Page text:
But he could take it as well as he could dish it out, as demonstrated by the time he broke his arm in a match against Leicester and carried on playing.

Not that this incident is glorified in the manner of Bert Trautmann’s broken neck. Benali simply does not command that kind of respect among the football family, although in fairness he may have brought this upon himself with his choice of facial hair.

“He had a moustache when he was about 12”, according to one Dell regular. Which could be deemed acceptable given that Benali was 12 in 1980, just as Magnum, P.I. was giving bristly upper lips a certain distinction. But inexplicably, and indefensibly, Benali retained his moustache deep into the mid-1990s.

Although even this seemed to strengthen his aura.

“He couldn’t pass, he had a right dodgy Freddie Mercury tache but he hated Pompey - all of which helped make him a cult hero with the fans who appreciated his loyalty to the cause in several relegation battles,” said another Saints fan.

Benali’s popularity was demonstrated by the sell-out crowd at his testimonial match at the Dell in 1997, but his most memorable moment in red-and-white was still to come. In a home match against Leicester in December of that year, he scored his goal. And unlike all his previous efforts, it was in the right net.

Fittingly, it was Le Tissier who provided the assist, floating in a free-kick that Benali headed home from an improbable distance of about 15 yards. The scenes of jubilation that greeted the strike matched any of Le Tiss’s finest hours. To this day, a few priceless 'I was there when Franny scored’ T-shirts are stashed away in forgotten drawers and lofts around the Southampton area.

Eventually, another promising left-back emerged from the Saints youth team - and unfortunately for Benali this one could actually pass the ball with some accuracy. The outstanding Wayne Bridge broke through at the turn of the millennium and kept the shirt - between March 2000 and January 2003 he didn’t miss a single match.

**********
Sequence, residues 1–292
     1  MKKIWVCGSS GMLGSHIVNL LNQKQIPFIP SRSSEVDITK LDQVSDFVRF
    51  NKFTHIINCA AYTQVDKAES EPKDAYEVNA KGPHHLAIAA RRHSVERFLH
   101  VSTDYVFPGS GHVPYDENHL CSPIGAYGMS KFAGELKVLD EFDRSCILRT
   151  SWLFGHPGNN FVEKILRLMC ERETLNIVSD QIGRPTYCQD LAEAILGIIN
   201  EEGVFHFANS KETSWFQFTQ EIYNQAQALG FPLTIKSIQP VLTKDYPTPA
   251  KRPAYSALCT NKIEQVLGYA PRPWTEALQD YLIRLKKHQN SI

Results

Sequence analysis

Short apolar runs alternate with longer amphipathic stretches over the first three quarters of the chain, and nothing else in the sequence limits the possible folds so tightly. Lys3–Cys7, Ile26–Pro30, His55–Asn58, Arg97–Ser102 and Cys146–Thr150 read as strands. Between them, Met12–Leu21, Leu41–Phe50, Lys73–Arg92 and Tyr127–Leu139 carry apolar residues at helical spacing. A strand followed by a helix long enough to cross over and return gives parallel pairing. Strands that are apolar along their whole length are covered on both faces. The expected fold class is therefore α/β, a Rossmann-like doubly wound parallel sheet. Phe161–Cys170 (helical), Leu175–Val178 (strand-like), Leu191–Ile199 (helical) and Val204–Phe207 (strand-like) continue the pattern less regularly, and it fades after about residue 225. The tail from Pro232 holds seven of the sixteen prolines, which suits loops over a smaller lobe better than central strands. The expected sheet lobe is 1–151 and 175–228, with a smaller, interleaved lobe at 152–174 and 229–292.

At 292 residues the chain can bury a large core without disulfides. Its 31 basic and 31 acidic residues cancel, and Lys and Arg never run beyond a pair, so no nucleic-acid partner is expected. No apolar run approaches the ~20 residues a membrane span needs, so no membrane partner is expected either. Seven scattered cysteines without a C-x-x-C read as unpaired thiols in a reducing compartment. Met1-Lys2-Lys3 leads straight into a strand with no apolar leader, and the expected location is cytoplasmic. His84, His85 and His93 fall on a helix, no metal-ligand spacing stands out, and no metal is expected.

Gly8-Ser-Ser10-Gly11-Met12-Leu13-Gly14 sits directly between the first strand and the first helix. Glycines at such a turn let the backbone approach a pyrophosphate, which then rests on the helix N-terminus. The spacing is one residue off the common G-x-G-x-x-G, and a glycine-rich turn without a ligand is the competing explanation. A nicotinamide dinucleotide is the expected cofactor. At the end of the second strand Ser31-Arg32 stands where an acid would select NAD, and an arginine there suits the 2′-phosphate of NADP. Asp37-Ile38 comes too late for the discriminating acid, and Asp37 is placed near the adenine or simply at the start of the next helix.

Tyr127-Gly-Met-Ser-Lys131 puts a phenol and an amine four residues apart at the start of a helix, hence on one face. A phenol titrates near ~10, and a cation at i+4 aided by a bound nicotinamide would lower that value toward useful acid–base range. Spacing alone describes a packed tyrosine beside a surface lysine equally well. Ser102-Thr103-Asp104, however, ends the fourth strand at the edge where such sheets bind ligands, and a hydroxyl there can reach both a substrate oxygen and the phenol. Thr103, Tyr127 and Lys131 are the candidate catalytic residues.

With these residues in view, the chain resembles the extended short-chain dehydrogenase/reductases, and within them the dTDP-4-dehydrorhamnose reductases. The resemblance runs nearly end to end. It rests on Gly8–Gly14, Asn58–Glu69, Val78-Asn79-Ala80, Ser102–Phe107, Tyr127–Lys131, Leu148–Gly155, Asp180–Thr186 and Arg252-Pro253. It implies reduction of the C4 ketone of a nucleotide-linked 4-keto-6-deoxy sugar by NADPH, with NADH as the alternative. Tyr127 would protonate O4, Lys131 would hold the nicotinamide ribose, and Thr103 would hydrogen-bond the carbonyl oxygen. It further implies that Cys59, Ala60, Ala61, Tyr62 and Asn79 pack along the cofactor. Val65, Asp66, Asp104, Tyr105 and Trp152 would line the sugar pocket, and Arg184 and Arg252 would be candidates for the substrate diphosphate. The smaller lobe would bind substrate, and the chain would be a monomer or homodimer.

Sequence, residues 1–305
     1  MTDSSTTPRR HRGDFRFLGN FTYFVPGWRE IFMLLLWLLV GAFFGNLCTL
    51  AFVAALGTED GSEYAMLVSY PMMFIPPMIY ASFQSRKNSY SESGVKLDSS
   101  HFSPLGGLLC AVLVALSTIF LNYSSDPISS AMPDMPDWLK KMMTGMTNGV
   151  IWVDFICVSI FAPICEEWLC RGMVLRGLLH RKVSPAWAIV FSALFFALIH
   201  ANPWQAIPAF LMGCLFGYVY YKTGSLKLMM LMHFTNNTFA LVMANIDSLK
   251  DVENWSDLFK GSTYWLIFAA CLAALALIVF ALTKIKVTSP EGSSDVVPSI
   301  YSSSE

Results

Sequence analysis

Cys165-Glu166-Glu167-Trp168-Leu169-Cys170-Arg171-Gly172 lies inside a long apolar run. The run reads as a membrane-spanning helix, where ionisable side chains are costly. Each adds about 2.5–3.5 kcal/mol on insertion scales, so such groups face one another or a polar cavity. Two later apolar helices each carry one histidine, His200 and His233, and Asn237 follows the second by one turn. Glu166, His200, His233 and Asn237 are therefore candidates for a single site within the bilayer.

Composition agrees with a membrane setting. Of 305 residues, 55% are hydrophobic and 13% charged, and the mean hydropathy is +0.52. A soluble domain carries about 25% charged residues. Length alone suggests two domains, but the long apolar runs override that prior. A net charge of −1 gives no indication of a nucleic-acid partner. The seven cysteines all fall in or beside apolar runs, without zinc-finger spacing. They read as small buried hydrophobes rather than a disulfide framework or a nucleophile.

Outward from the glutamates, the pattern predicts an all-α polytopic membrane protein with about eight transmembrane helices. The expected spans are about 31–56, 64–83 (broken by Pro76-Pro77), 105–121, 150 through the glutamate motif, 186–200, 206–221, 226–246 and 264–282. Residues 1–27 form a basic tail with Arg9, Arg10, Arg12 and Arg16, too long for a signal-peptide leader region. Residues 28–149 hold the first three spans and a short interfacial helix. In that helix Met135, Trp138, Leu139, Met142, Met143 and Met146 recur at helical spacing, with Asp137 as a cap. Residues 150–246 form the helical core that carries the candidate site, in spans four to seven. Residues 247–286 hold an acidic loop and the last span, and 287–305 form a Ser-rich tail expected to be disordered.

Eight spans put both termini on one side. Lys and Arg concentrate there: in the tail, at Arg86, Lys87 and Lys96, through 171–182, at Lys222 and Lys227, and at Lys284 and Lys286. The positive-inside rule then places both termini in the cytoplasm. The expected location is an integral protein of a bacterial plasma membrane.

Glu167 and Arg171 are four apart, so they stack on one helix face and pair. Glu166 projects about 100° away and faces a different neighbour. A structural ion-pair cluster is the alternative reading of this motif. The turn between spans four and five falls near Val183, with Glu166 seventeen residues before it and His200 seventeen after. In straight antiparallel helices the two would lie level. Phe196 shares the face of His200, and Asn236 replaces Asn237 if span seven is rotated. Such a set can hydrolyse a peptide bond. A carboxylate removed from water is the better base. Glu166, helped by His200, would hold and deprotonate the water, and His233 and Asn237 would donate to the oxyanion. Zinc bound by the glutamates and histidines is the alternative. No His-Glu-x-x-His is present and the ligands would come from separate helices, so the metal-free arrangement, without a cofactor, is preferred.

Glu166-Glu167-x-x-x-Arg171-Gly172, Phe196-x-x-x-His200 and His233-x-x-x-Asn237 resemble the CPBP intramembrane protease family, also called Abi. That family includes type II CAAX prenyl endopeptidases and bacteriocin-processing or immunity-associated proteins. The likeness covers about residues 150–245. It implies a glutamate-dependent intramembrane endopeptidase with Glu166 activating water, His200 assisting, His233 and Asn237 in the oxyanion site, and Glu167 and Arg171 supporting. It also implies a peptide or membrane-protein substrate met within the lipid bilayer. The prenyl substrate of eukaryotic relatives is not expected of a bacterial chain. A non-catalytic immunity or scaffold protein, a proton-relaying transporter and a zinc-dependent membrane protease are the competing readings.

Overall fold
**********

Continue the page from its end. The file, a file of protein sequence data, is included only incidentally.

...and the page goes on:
Benali was offered a free transfer by manager Gordon Strachan but he decided to stay at his hometown club - and was rewarded in 2003 when he picked up an FA Cup runners-up medal, courtesy of his two appearances in a fourth-round match against Millwall. They proved to be his last games in a Saints shirt and he hung up his boots the following year with 389 first-team appearances.

“Although we joke about his limited talent as a Premier League footballer, he was always a popular character and still is,” concluded one Saint.

Benali’s legend lives on in retirement. At various points he has managed a curry house in Southampton, become a property developer (with limited success) and rumour has it that he still refuses to set foot in Portsmouth.

He also did an incredible charity run in which he ran 1,100 miles in 21 days (that’s almost two marathons per day) - completing the feat at St Mary’s stadium in front of his adoring fans.

Admittedly, Le Tissier would be have been afforded the same reception if he’d just swanned onto the pitch from the car park, but that was the difference between these two Saints academy graduates. One was destined for greatness; the other had to earn it.